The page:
MCM London Comic Con Cancels ‘Harry Potter And The Cursed Child’ Stage Play Panel Over “Concerns” From UK LGBT Charity Switchboard
In the latest instance of what at this point has become an expected occurrence whenever the franchise runs aground of such neoliberal activists, the upcoming MCM Comic Con in London has cancelled a planned Harry Potter and The Cursed Child panel after local LGBT charity Switchboard voiced concerns about its “potential impact on our community, particularly trans individuals”.
Originally slated to take place on the second day of the UK-based event’s October 27th-29th schedule, the panel in question was set to see various members of the Harry Potter and The Cursed Child stage play’s production team speak with audience members about their experiences in developing J.K. Rowling’s original story for the theatrical stage.
“Wizzo!” began the panel’s official program description, as revealed on September 13th, the word itself a sort of ‘rallying cry’ for The Cursed Child‘s fanbase. “Join members of the theatre show’s creative team as they discuss what it was like to bring Harry Potter to the stage 19 years after the Battle of Hogwarts.”
Founded in 1974, Switchboard’s primary function is providing LGBT-related information and support, such as basic sexual hygiene tips, advice from peers on how to understand one’s situation, and leads on how to connect with other public LGBT-friendly groups “on the phone, and through our email and instant messaging services, to people from across the UK.”
Seeking to show their support to the many LGBT individuals who would undoubtedly be attending MCM London, the charity had announced just five days earlier that they would be hosting “[MCM London] Comic Con’s first ever Pride Lounge!”
“Come by to say hi to our incredible volunteers, pick up a free pronoun badge and enjoy a quiet space away from the main convention to rest and reflect!” declared Switchboard in their reveal of the lounge.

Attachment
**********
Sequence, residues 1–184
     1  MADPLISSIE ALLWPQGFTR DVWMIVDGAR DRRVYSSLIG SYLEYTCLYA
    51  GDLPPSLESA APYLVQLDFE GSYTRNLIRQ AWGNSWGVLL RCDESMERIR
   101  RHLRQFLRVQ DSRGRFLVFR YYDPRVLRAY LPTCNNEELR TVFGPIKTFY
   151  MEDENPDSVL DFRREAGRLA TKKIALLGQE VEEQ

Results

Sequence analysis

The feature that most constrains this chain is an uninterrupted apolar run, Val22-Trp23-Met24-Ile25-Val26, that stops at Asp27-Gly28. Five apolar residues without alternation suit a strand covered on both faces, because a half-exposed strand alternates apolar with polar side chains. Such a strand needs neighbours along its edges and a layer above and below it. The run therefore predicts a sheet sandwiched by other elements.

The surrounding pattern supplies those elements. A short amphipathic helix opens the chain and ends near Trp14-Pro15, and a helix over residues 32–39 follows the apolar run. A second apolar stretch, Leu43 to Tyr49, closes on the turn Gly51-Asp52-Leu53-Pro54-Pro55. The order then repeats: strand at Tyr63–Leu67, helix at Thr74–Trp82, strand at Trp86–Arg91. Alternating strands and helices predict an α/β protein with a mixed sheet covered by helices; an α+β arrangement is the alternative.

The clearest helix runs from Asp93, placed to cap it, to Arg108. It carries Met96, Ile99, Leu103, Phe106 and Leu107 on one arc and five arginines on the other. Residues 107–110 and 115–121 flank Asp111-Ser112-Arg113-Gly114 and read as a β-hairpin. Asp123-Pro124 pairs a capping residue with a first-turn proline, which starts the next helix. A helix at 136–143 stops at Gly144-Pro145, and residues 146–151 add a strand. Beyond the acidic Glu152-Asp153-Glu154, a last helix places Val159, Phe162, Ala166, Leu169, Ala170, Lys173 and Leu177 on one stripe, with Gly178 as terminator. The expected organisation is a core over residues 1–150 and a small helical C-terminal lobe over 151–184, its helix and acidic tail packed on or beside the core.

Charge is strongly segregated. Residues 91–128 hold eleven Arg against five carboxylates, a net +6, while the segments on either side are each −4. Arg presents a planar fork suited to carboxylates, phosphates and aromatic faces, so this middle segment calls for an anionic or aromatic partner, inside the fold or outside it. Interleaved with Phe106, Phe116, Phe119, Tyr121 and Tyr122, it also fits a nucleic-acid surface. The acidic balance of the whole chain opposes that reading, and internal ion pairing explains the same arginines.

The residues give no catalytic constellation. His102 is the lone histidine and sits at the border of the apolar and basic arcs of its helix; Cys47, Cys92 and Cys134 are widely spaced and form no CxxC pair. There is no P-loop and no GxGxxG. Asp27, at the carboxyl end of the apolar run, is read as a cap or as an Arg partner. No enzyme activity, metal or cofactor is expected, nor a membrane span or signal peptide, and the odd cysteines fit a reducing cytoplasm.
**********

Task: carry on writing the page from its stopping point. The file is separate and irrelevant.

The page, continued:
In light of The Cursed Child panel – which they opposed based on their disagreement with Rowling’s belief that while transgender individuals exist, the biological realities of their existence must be acknowledged rather than ignored in order to look out for the well-being of both themselves and women – being publicly announced following their agreement to host the aforementioned Pride Lounge, Switchboard took to their public Twitter account on September 14th to inform their followers, “Switchboard was unaware until the post yesterday that this panel was taking place at this year’s Comic Con in London. We have since reached out to MCM to speak to them about this.”
Roughly a week later, the UK comic-con would announce via the story function of their Facebook and Instagram accounts that “Following discussions between MCM Comic Con and Harry Potter and the Cursed Child, a joint decision has been taken for the production not run the proposed panel on 28 October.”
“The aim of the panel was to hear from the production team working behind the scenes,” the event added. “Thank you for understanding.”
In their own statement regarding the panel’s cancellation, Switchboard asserted, “When we agreed to host a Pride Lounge at this year’s MCM London Comic Con we did so with the aim of connecting with their diverse fan community. However, at that time we were unaware of their plans to feature any panels using the Harry Potter IP. Upon learning this, we felt compelled to express our concerns about the potential impact on our community, particularly trans individuals.”
“We have since been in conversation with the event organisers at MCM London Comic Con and are pleased to report that they have been receptive to our concerns,” the charity explained. ” In response to these conversations and feedback from their fans, as well as their expressed commitment to fostering a safe and inclusive environment, the panel has been cancelled.”
“Switchboard will continue with our plans to host the Pride Lounge at MCM London Comic Con,” the group concluded. “Our Pride Lounge aims to serve as a sanctuary where members of the LGBTQIA+ community and allies can find a quiet space, connect with one another, and recharge during the event.”